Lori Capri, M.S.,M.H.A.
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Licensed Professional Counselor
Frequently Asked Questions

 Is therapy right for me? 
Seeking out therapy is an personal choice. There are many reasons why people come to therapy. Sometimes it is to deal with long-standing psychological issues, or problems with anxiety or depression. Other times it is in response to unexpected changes in one's life such as a divorce or work transition. Many seek the support of a counselor as they pursue their own personal exploration and growth. Working with a therapist can help provide insight, support, and new strategies for all types of life challenges. Therapy is helpful for anyone who is interested in getting the most out of their life by taking responsibility, creating greater self-awareness, and working towards change in their lives. 

Do I really need therapy? I can usually handle my problems. 
Everyone goes through challenging situations in life, and while you may have successfully navigated through other difficulties you've faced, there's nothing wrong with seeking out extra support when you need it. In fact, therapy is for people who have enough self-awareness to realize they need a helping hand, and that is something to be admired. You are taking responsibility by accepting where you're at in life and making a commitment to making changes by seeking therapy. Therapy provides long-lasting benefits and support, giving you the tools you need to avoid triggers, strengthen coping skills, and overcome whatever challenges you face.  

How can therapy help me? 
       Some of the benefits of therapy include:
  • Attaining a better understanding of yourself, your goals, and values.
  • Developing skills for improving your relationships.
  • Learning new ways to cope with stress and anxiety.
  • Managing anger, grief, depression, and other emotional pressures.
  • Improving communication and listening skills.
  • Changing old behavior patterns and developing new ones.
  • Discovering new ways to solve problems in your family or marriage.
  • Improving your self-esteem and boosting self-confidence.

What is therapy like? 
Every therapy session is unique and caters to each individual and their specific goals. It is standard for therapists to discuss the primary issues and concerns in your life during therapy sessions. It is common to schedule a series of weekly sessions, where each session lasts about fifty minutes. Therapy can be short-term, focusing on a specific issue, or longer-term, addressing more complex issues or ongoing personal growth. There may be times when you are asked to take certain actions outside of the therapy sessions, such as reading a relevant book or keeping records to track certain behaviors. It is important to process what has been discussed and integrate it into your life between sessions. For therapy to be most effective you must be an active participant, both during and between the sessions. People seeking psychotherapy are willing to take responsibility for their actions, work towards self-change, and create greater awareness in their lives. Here are some things you can expect out of therapy: compassion, respect, and understanding; assistance in identifying persistent patterns and negative feelings; strategies for enacting positive change; effective and proven techniques along with practical guidance.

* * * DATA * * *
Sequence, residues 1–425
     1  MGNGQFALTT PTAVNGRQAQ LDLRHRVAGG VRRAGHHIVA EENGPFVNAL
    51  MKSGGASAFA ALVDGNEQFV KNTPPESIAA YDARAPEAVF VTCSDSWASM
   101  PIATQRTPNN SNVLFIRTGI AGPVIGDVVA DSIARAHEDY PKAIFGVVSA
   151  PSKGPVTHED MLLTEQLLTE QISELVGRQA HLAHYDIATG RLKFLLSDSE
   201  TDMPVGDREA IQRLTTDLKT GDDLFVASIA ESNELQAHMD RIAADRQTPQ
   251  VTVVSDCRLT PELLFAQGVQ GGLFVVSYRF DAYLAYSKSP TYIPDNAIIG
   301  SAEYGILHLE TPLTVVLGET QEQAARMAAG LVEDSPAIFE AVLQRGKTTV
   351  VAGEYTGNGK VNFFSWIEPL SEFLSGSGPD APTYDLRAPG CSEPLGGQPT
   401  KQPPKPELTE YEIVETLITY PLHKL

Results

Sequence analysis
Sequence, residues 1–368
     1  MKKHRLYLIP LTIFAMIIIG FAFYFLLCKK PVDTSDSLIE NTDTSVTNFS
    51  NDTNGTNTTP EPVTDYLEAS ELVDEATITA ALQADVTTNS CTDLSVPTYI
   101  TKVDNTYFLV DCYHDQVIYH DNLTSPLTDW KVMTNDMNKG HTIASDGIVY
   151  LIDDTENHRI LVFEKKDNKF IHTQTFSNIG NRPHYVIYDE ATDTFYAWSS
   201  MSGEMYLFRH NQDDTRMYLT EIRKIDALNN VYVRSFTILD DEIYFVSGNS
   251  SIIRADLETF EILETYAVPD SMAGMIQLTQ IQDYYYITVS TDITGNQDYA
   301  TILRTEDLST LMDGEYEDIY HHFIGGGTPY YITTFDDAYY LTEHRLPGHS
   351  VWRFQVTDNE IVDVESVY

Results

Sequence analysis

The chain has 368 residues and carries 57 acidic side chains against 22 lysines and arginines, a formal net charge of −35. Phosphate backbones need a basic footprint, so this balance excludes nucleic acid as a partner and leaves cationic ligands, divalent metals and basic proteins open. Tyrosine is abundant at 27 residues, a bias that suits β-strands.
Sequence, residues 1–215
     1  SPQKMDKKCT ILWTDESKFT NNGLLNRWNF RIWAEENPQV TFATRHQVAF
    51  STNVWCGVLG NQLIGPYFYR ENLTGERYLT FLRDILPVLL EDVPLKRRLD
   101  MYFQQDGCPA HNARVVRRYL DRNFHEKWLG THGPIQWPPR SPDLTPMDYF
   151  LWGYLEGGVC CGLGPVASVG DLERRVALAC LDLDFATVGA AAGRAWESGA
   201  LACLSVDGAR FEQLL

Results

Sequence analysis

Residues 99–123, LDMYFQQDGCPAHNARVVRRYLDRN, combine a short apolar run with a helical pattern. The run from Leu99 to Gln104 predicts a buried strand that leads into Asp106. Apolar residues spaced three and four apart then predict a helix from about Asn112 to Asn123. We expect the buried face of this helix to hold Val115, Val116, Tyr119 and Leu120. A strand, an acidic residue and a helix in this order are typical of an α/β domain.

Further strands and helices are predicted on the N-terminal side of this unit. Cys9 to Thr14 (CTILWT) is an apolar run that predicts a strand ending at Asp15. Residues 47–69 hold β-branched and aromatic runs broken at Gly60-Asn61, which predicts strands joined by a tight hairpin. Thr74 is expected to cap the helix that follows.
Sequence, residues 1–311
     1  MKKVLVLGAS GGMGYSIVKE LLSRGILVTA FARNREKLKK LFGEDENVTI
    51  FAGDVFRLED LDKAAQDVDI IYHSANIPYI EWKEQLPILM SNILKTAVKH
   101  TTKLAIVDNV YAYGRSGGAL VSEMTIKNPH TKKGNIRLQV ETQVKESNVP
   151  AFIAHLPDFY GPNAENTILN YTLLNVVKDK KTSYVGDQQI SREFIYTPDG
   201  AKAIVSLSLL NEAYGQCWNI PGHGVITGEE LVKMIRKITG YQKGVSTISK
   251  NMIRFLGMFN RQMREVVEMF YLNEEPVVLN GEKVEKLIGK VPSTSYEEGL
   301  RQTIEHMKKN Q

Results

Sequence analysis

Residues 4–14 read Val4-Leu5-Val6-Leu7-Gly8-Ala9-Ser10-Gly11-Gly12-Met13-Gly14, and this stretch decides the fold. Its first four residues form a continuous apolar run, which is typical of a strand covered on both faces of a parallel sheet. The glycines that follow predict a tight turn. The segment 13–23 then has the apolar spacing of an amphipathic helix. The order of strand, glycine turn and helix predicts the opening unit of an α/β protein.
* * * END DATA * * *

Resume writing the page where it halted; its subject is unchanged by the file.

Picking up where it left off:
Do you accept insurance? How does insurance work? 
To determine if you have mental health coverage, the first thing you should do is check with your insurance carrier. Check your coverage carefully and find the answers to the following questions: 
  • What are my mental health benefits? 
  • What is the coverage amount per therapy session? 
  • How many therapy sessions does my plan cover? 
  • Does my insurance have a deductible and/or co-insurance payment?
  • How much does my insurance pay for an out-of-network provider? 
  • Is approval required from my primary care physician? 

Confidentiality & Privacy Policy
The law protects the relationship between a client and a psychotherapist, and information cannot be disclosed without written permission. Exceptions include: Suspected child abuse or dependent adult or elder abuse, for which I am required by law to report this to the appropriate authorities immediately. If a client is threatening serious bodily harm to another person/s, I must notify the police and inform the intended victim. If a client intends to harm himself or herself, I will make every effort to enlist their cooperation in ensuring their safety. If they do not cooperate, I will take further measures without their permission that are provided to me by law in order to ensure their safety.